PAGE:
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Appendix B Biographies SPEAKERS Virginia W. Cornish is the Helena Rubinstein Professor in the Department of Chemistry at Columbia University. She graduated summa cum laude with a B.A. in biochemistry in 1991 from Columbia University, where she did undergraduate research with Professor Ronald Breslow. She earned her Ph.D. in chemistry with Professor Peter Schultz at the University of California, Berkeley, and then was a postdoctoral fellow in the Biology Department at the Massachusetts Institute of Technology (MIT) under the guidance of Professor Robert Sauer. Dr. Cornish joined the faculty of the Chemistry Department at Columbia in 1999, where she carries out research at the interface of chemistry and biology, and was promoted to associate professor with tenure in 2004 and then professor in 2007. Her laboratory brings together modern methods in synthetic chemistry and DNA technology to expand the synthetic capabilities of living cells. Her research has resulted in 59 research publications and several patents and currently is supported by multiple grants from the National Institutes of Health (NIH) and the National Science Foundation (NSF). Dr. Cornish has been recognized for her research by awards including an NSF CAREER Award (2000), a Sloan Foundation Fellowship (2003), the Protein Society Irving Sigal Young Investigator Award (2009), and the American Chemical Society Pfizer Award in Enzyme Chemistry (2009). Michael Fischbach is an assistant professor in the Department of Bioengineering and Therapeutic Sciences at University of California, San Francisco (UCSF), and a member of the California Institute for Quantitative Biosciences (QB3). Dr. Fischbach is a recipient of the NIH Director’s New Innovator Award, a fellowship for science and engineering from the David and Lucille Packard Foundation, a medical research award from the W.M. Keck Foundation, and the Young Investigator Grant for Probiotics Research from the Global Probiotics Council. His laboratory uses a combination of genomics and chemistry to identify and characterize small molecules from microbes, with an emphasis on the human microbiome. Dr. Fischbach received his Ph.D. in chemistry in 2007 from Harvard University, where he studied the role of iron acquisition in bacterial pathogenesis and the biosynthesis of antibiotics. Before coming to UCSF, he spent 2 years as an independent fellow at Massachusetts General Hospital coordinating a collaborative effort based at the Broad Institute to develop genomics-based approaches to the discovery of small molecules from microbes. Dr. Fischbach is a member of the scientific advisory boards of Schiff Nutrition, Second Genome, and Warp Drive Bio, and he is a consultant for Achaogen, Agraquest, and Genentech. Marc Ostermeier is a professor and vice chair of chemical and biomolecular engineering at Johns Hopkins University. He received a B.S. in chemical engineering from the University of Wisconsin in 1990 and a Ph.D. in chemical engineering from the University of Texas, Austin, in 1996. He was an NIH postdoctoral fellow in the Chemistry Department at Pennsylvania State University before joining the faculty at Johns Hopkins University in 2000. Dr. Ostermeier was 17

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18 DIRECTED EVOLUTION FOR DEVELOPMENT AND PRODUCTION OF BIOACTIVE AGENTS promoted to associate professor in 2007 and professor in 2011. His research is in the areas of protein engineering, synthetic biology, protein evolution, and allostery. He is a recipient of the NSF CAREER Award. David Schaffer is a professor of chemical and biomolecular engineering, bioengineering, and neuroscience at University of California, Berkeley, where he also serves as the director of the Berkeley Stem Cell Center. He graduated from Stanford University with a B.S. degree in chemical engineering in 1993. Afterward, he attended MIT and earned his Ph.D. in chemical engineering in 1998 with Professor Doug Lauffenburger, while minoring in molecular and cell biology. Finally, he conducted a postdoctoral fellowship in the laboratory of Fred Gage at the Salk Institute for Biological Studies in La Jolla, California, before moving to Berkeley in 1999. At Berkeley, Dr. Schaffer applies engineering principles to enhance stem cell and gene therapy approaches for neuroregeneration. This work includes mechanistic investigation of stem cell control, as well as molecular evolution and engineering of viral gene delivery vehicles. He has received an NSF CAREER Award, an Office of Naval Research Young Investigator Award, and a Whitaker Foundation Young Investigator Award, and he was named a Technology Review Top 100 Innovator. He was also awarded the American Chemical Society BIOT Division Young Investigator Award in 2006 and the Biomedical Engineering Society Rita Shaffer Young Investigator Award in 2000, and he was elected to the college of fellows of the American Institute of Medical and Biological Engineering in 2010. Gregory L. Verdine is the Erving Professor of Chemistry at Harvard University. He is also the director of the Harvard/Dana-Farber Program in cancer chemical biology and executive director of the Chemical Biology Initiative at the Dana-Farber Cancer Institute. In recent years, Dr. Verdine has established himself as one of the pioneers of the emerging discipline known as chemical biology, which seeks to understand the functions of small molecules, their interplay in the cell, and their effect on biological processes. He has studied the processes underlying control of gene expression and preservation of genomic integrity, and his work has shed light on the biochemical and structural basis for enzymatic recognition and repair of mutagenic damage in DNA. He joined the faculty of Harvard University’s Department of Chemistry in 1988 and eventually became the Erving Professor of Chemistry in 2002. Dr. Verdine has received numerous awards and honors, including the NSF Presidential Young Investigator Award, the Sloan Fellowship, the Searle Scholar Award, and an Eli Lilly Award in Biological Chemistry. Neal Woodbury is a professor in the Department of Chemistry and Biochemistry at Arizona State University (ASU). As co-director and chief scientific officer of the Biodesign Institute, Innovations in Medicine, he leads a team that seeks to develop molecular devices and nanoscale hybrid electronics for use in biomedicine, environmental remediation and monitoring, threat detection, and agriculture. His research into the structure/function relationships in photosynthesis led him to realize the awesome potential of harnessing the energy of light to direct chemical reactions. His efforts have been directed at building synthetic systems that can do this: speed up natural evolution. Dr. Woodbury is an advocate of interdisciplinary science as a means of providing researchers greater vision in addressing real-world problems. His published work includes more than 75 articles and studies. He is a member of the NSF Biophysics Panel and the NSF Integrative Graduate Education and Research Traineeship Panel and is an associate editor of Photochemistry and Photobiology. He has served as the director of the Photosynthesis Center at ASU and is an active member of the American Chemical Society, the Biophysical Society, and the American Photobiology Society. Dr. Woodbury received his B.S. in biochemistry from the University of California, Davis, and his Ph.D. from the University of Washington.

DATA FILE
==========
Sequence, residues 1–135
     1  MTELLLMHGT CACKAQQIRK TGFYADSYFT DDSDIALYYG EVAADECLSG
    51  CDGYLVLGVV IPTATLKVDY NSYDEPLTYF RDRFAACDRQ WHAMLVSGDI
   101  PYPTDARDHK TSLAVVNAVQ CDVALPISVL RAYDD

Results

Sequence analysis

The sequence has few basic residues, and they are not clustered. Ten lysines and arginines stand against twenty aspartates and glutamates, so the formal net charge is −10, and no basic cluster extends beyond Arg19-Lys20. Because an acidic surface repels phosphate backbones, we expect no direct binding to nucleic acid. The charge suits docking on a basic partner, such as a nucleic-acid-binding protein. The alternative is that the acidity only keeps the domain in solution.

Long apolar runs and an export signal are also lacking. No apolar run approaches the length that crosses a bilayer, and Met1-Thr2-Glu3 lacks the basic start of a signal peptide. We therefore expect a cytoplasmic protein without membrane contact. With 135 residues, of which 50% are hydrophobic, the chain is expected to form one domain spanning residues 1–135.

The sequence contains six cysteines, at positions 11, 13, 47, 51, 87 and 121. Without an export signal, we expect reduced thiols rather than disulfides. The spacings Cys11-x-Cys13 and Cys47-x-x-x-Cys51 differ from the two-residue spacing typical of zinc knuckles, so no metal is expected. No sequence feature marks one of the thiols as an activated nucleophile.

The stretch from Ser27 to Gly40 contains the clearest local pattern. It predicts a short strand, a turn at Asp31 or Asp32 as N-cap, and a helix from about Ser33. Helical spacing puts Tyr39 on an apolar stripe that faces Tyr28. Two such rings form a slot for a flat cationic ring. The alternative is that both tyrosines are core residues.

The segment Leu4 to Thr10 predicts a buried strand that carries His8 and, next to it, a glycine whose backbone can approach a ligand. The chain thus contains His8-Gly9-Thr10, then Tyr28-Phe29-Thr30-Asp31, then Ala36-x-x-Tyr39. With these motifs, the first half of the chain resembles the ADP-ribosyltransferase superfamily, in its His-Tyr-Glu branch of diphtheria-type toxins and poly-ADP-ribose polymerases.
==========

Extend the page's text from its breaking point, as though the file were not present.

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APPENDIX B 19 FACILITATOR Mikhail Shapiro is a neuroscientist, engineer, and technology entrepreneur focused on developing better ways to study the brain’s activity and treat neurological and psychiatric disease. Dr. Shapiro has been named as a Miller Research Fellow at the University of California, Berkeley, to develop an independent research program focused on ways to non-invasively sense and manipulate brain activity at the molecular level. He studied neuroscience at Brown University and received his Ph.D. in biological engineering from MIT as a Hertz and Soros Fellow. Working with Alan Jasanoff and Robert Langer, Dr. Shapiro created the first-ever functional magnetic resonance imaging sensors for neurotransmitters. He was also a cofounder of Cyberkinetics Neurotechnology Systems, whose BrainGate technology allowed paralyzed people to control external devices directly with their thoughts. As a venture principal at Third Rock Ventures, an $800 million life sciences venture capital firm, Dr. Shapiro helped launch companies focused on novel treatments for chronic pain, cancer, and other diseases. In 2010 he was recognized by the MIT Technology Review as one of the world’s top 35 innovators under age 35.